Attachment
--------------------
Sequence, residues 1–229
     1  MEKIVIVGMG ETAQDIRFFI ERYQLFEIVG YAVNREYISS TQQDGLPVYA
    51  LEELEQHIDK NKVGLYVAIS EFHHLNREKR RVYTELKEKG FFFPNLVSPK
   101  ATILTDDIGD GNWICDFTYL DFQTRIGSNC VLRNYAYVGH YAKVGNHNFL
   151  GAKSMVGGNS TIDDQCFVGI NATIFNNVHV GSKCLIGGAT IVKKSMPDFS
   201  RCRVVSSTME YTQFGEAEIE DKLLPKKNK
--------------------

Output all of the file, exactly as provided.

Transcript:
Sequence, residues 1–229
     1  MEKIVIVGMG ETAQDIRFFI ERYQLFEIVG YAVNREYISS TQQDGLPVYA
    51  LEELEQHIDK NKVGLYVAIS EFHHLNREKR RVYTELKEKG FFFPNLVSPK
   101  ATILTDDIGD GNWICDFTYL DFQTRIGSNC VLRNYAYVGH YAKVGNHNFL
   151  GAKSMVGGNS TIDDQCFVGI NATIFNNVHV GSKCLIGGAT IVKKSMPDFS
   201  RCRVVSSTME YTQFGEAEIE DKLLPKKNK